The ERP system needs regular
maintenance in order to function properly. The ERP plan needs revision
and updating as per the changing situations in the organization. The ERP
system should be reviewed regularly.
The review comments and suggestions should be incorporated into the system.
Also the ERP system needs fine-turning as the employees become familiar with it.
Once the ERP system has reached a stable state necessary action should be taken
to improve the performance.
The ERP tools that are implemented are another area that needs maintenance.
The project manager should be in regular contact with the vendors to see whether
any upgrades or updates are available. All patches and upgrades should be
installed to ensure that the tools are working at their maximum efficiency.
Employees should be given refresher courses on the new functionality that
gets added with each new upgrade. The training documentation should also be
updated so that it is in sync with the procedures and processes.
If a customer (meaning a user) wanted to add a field, change the look of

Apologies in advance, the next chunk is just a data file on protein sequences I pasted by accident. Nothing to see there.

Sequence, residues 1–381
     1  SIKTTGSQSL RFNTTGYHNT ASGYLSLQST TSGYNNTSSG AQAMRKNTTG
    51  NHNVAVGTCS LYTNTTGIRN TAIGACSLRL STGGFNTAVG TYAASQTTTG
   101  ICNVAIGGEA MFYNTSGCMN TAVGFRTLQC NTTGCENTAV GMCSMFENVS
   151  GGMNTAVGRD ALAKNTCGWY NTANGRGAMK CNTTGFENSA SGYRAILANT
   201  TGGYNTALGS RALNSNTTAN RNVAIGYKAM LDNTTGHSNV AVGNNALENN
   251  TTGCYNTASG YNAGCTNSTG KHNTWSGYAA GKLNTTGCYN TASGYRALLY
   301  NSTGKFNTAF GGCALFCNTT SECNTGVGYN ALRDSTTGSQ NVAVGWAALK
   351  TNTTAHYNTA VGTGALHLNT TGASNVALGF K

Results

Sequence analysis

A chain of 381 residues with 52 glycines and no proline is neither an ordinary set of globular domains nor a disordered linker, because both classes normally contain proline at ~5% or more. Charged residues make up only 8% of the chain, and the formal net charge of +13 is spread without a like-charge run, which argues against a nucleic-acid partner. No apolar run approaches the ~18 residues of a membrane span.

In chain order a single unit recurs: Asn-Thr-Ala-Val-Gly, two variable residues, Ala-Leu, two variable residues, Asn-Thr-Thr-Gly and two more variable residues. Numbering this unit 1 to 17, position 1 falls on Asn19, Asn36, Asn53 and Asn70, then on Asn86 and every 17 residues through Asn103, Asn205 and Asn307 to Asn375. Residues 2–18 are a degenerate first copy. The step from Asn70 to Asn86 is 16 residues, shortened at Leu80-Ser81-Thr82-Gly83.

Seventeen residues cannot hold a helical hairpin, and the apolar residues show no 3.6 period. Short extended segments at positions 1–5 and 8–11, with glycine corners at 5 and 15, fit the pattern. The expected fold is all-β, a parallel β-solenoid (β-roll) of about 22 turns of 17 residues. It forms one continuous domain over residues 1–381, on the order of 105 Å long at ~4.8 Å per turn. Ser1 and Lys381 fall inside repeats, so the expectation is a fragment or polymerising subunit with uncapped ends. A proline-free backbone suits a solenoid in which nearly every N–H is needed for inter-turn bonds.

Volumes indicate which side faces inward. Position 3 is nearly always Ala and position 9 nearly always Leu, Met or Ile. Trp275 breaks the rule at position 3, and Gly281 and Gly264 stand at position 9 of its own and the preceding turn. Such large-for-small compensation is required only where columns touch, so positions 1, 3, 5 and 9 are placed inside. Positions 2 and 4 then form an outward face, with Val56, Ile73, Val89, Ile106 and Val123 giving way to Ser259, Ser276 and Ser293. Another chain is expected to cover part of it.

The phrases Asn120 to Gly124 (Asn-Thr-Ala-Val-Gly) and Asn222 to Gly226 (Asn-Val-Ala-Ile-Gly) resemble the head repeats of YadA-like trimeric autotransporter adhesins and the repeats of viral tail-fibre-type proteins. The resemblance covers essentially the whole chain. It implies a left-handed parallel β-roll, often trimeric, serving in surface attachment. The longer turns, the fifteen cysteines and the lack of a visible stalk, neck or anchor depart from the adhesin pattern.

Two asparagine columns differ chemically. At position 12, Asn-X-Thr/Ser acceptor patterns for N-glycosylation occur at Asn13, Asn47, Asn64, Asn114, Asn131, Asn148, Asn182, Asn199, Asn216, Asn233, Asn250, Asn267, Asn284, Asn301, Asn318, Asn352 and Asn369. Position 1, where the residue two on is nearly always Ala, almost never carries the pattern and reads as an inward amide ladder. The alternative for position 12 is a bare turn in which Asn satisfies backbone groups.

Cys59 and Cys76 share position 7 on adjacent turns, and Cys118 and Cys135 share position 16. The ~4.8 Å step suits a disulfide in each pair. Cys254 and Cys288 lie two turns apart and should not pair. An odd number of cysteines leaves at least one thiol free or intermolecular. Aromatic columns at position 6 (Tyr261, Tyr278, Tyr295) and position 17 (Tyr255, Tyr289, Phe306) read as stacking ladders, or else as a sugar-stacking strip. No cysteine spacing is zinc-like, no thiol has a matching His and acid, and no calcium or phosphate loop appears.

a screen, or add an extra step to a process, then an enhancement would be developed. Analysts
develop a functional specification and a technical specification, and
then the developers code the enhancement.
Software customization: Once implementation
begins, project teams will inevitably find at least a handful of
functionality gaps that they would like to address by changing the
software. It is important to prioritize and limit the amount of
customization to help contain costs. Customized ERP software may have its advantages,
but there are more
Creating custom code
can be a time consuming process and involves inherent risks that can
only be eliminated with exhaustive testing. Too often, quality assurance
is undercut in order for the project to come in on time, creating risks
associated with “buggy” software. This, in turn, leads to a less stable
and reliable system. The focus on heavy customization efforts may also
detract attention away from other, more critical, aspects of the ERP
implementation. For more detailed information about customization,
you can refer to Principles of Changes
don’t add value by default. By default they subtract value, at least in
the short run, through costs associated with analysis, design, and
development time and in the long run, through upgrade, maintenance, and
support. Firms should ensure that the net result is value added through
increased productivity, higher profitability, reduced error, or another
measurable benefit. Each time a customization is contemplated, the
impact of these issues on the system’s ROI should be quantified and
supported with an accurate and detailed business case.